Colorado Estate Planning: The Personal Property Memorandum

As a resident of Colorado, it’s essential to have your affairs in order should something happen to you. This practice of estate planning involves many different steps and will help to save your loved ones a great deal of time and effort when handling things when you are unable to.

Most of the time, experts will recommend at least having a will in place so that your assets will be able to be dispersed to people of your choosing. However, you can get very detailed with how this happens with a document called the personal property memorandum. Let’s find out exactly what it is and how it can help you.

The Basics

A personal property memorandum is a document that is separate from your will. It lists out all of the items that you want to pass on to a specific person, along with the name of the recipient. This memorandum does not have to be signed in order for it to go into effect, yet it does need to be referred to in your will, which of course is signed in front of witnesses.

Limitations to the Document

While it sounds straightforward to make a list of your belongings, there are a few limitations to this tool. First, not every state allows for the use of a personal property memorandum, but thankfully Colorado does allow it.

Most of the time, items in the memorandum are tangible belongings, like jewelry, antiques, clothing, or keepsakes. Where the document draws the line is at items that aren’t so tangible, like real estate holdings, copyrights, or stocks.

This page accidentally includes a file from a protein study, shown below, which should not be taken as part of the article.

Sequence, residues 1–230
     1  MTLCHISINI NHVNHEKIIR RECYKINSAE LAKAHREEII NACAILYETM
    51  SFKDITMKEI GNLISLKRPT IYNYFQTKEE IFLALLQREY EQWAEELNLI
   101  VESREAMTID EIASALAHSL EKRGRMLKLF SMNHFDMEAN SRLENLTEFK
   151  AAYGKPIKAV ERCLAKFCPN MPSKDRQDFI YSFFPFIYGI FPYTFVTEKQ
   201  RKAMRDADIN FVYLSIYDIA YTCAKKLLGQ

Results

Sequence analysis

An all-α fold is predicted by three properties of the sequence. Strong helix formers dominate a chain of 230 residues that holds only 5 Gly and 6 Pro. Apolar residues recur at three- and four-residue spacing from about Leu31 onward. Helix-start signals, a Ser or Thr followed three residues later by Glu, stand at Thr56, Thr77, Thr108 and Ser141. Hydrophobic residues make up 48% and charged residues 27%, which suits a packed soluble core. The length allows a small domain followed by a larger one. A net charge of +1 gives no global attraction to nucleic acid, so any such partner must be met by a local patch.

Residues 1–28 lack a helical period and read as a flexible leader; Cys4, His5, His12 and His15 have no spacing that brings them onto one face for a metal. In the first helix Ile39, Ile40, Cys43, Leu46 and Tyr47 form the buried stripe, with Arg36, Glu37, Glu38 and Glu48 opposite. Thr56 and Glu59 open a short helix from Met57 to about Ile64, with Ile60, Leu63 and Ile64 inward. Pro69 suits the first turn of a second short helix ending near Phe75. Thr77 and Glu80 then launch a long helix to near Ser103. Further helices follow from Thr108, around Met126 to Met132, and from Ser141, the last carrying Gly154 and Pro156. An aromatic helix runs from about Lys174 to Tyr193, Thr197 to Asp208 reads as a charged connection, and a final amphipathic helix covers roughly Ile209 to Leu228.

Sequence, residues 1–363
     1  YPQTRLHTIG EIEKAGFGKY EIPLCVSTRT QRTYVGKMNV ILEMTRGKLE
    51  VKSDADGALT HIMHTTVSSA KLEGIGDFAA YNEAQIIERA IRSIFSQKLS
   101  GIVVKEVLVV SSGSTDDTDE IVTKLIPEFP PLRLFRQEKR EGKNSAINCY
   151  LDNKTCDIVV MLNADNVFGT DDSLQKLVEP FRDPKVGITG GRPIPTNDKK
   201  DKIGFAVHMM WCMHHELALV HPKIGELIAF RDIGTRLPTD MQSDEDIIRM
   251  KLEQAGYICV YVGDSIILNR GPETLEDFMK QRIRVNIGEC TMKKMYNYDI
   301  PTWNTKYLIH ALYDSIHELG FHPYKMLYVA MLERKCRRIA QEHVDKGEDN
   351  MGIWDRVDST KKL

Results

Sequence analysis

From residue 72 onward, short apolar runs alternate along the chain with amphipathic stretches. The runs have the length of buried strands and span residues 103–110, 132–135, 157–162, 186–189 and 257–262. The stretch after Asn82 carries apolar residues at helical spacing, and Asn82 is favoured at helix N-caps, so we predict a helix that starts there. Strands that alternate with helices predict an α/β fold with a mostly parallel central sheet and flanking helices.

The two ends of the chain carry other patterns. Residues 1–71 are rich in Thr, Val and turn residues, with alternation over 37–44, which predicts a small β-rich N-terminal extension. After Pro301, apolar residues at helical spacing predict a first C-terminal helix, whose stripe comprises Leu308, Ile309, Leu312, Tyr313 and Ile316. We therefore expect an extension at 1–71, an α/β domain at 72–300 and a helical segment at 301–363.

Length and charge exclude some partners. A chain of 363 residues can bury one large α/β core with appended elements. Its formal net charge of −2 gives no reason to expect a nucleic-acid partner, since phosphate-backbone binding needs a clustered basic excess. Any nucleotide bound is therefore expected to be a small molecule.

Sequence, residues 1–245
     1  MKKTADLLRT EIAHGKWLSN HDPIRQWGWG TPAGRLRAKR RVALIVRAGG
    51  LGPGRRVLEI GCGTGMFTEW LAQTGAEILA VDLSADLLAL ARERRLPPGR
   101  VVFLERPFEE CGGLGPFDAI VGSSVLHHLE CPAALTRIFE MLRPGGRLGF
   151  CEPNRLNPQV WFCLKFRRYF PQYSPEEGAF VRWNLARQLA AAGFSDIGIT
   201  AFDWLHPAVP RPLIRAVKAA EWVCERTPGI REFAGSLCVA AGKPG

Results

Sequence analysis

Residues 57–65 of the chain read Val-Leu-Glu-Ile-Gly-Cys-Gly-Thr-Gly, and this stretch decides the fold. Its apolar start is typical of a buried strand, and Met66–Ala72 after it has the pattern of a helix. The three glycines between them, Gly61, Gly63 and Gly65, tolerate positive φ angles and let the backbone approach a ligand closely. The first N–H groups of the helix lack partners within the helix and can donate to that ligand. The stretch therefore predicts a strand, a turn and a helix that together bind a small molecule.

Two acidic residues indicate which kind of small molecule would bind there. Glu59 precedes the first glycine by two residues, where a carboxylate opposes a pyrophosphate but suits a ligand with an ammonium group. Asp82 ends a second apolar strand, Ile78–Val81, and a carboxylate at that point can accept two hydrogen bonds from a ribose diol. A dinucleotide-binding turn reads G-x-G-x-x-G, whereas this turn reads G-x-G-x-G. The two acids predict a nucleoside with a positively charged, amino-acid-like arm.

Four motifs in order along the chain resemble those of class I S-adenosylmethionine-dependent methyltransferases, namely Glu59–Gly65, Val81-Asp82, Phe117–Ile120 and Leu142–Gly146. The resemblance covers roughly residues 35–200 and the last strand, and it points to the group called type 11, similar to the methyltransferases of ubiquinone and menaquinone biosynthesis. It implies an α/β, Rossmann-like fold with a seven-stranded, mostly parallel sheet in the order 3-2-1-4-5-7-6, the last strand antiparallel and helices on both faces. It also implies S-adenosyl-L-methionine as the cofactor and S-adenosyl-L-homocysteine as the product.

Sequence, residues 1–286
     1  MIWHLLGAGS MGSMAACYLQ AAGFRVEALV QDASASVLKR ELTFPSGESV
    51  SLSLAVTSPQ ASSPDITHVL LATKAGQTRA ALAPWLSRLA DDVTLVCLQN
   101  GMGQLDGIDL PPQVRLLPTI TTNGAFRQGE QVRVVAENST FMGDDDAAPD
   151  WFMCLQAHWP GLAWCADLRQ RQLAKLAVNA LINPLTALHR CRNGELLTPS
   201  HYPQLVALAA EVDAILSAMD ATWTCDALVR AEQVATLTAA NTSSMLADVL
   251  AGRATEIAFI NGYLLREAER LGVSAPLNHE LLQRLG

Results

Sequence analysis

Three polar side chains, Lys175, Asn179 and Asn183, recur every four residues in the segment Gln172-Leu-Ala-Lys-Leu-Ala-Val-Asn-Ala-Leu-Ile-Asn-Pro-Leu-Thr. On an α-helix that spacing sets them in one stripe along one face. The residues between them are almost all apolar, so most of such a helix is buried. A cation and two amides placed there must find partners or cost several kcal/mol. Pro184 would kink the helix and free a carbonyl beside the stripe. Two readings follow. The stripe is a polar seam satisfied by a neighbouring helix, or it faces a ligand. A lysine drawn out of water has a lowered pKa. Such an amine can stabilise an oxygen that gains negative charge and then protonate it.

Benefits of a Personal Property Memorandum

Rather than listing out each individual item in your will and making it quite lengthy, the personal property memorandum allows for a summation of all of the gifts you are choosing to pass along. The fact that it specifically lists items and names is also appreciated by those who survive you. Imagine if your children were left with the task of equally dividing your valuables amongst themselves. No doubt there would be conflict and the potential for hurt feelings. Using the memorandum makes it very clear what your intentions are and helps expedite the entire process.

Another feature of the memorandum that is appreciated by estate planners and individuals alike is that it is incredibly easy to make changes. Instead of drafting an entirely new will, you can make edits to your personal property memorandum as you see fit. As long as you continue to refer to it in your will, it will be a valid legal document.

Do you need assistance with your estate planning needs and aren’t sure who to speak with? Call Hulbert & Associates today to get your questions answers and receive help during the process.

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Written by Lori Hulbert

Together the attorneys of the firm have nearly 30 years of experience in the fields of estate planning, estate and trust administration, estate and trust litigation, guardianships and conservatorships and civil litigation.